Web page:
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World Bank backs China's recovery

THE World Bank expects China's economy to recover mid this year and help Asia to counter the "Great Recession" that is dragging growth in the region's developing economies to the weakest level in more than a decade.

The World Bank said today that a recovery in China is likely to begin this year and take full hold in 2010, potentially contributing to the region's stabilization, and perhaps recovery.

Developing East Asia, which excludes markets like Japan, Hong Kong, Taiwan, South Korea, Singapore and the Indian subcontinent, will expand 5.3 percent this year, less than the December estimate of 6.7 percent, the Washington-based international institution said in its semi-annual report today. Growth was 8 percent last year, it said.

"As countries in the East Asia and Pacific region prepare themselves for an expected surge in joblessness resulting from the global slowdown, a ray of hope may be emerging with signs of China's economy bottoming out by mid-2009," said the World Bank.

"China remains a bright spot in the region and the global economy amid signs that economic activity may be bottoming out," the World Bank said.

"Unless there is a further intensification of the contraction in global demand, or global financial tensions flare up again, growth in China will pick up in the second half of the year, partly offsetting the weak first half," the World Bank said.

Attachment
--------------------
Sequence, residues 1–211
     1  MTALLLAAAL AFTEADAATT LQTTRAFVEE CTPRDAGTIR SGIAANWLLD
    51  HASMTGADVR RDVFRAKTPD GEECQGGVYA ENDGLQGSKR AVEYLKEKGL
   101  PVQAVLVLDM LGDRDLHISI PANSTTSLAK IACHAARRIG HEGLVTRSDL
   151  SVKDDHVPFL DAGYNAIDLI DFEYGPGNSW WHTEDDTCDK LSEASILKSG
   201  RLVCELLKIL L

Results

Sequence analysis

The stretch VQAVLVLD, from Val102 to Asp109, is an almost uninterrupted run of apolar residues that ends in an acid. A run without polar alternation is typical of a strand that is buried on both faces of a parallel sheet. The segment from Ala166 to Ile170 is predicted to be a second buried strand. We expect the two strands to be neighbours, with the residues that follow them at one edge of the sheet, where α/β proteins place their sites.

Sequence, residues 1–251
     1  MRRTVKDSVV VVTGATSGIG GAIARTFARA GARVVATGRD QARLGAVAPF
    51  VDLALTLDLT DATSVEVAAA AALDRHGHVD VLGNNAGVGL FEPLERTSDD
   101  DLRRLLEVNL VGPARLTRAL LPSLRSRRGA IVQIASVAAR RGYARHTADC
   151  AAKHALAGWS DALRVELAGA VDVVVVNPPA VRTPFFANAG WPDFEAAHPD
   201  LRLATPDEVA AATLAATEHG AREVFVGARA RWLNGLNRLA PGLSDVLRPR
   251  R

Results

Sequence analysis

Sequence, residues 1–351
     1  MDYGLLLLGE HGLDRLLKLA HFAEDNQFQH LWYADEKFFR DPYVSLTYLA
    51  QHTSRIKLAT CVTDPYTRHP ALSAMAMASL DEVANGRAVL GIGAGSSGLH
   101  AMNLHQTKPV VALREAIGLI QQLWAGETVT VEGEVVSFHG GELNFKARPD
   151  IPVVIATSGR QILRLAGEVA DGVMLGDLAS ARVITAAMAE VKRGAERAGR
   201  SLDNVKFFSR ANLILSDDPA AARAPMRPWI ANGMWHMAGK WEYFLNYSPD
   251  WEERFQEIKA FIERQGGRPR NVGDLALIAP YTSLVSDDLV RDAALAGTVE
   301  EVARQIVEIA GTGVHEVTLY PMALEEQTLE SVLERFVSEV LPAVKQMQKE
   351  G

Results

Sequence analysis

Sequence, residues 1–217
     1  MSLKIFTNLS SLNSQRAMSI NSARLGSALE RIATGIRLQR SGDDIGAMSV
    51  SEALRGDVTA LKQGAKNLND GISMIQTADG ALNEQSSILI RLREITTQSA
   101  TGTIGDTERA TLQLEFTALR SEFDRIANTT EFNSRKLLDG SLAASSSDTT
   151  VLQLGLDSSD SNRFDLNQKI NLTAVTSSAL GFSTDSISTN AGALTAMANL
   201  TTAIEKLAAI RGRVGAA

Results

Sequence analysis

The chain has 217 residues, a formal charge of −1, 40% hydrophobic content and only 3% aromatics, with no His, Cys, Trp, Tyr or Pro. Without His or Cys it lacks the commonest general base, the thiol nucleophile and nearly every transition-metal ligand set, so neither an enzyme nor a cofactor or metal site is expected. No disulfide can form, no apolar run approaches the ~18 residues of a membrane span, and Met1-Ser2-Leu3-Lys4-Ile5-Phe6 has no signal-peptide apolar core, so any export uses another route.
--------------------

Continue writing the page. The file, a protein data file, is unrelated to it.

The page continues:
China's March purchasing managers' index stepped into the above-50 expansionary territory for the first time in six months, indicating that China's economy may be bottoming out.

The country has announced a massive 4-trillion-yuan (US$586 billion) stimulus package to revive economic growth, scrapped lending quotas to thaw liquidity and increased tax rebates to arrest a slump in exports.

The World Bank said earlier in March that it had revised its forecast on China's economic growth this year from the December estimate of 7.5 percent to 6.5 percent.

The Chinese government is targeting a "challenging but manageable" 8 percent growth this year.

China is the rare major economy that has fended off recession during the "Great Recession" as it is named by the International Monetary Fund.

The World Bank and IMF both predicted a global economic decrease this year, the first such drop since World War II.

With China still heavily reliant on exports to world markets that continue to contract, the World Bank warns that a truly sustainable recovery in the East Asia and Pacific region ultimately depends on developments in the advanced economies.

Still, developing East Asian economies will grow faster than other emerging-market regions such as Latin America, the World Bank said.


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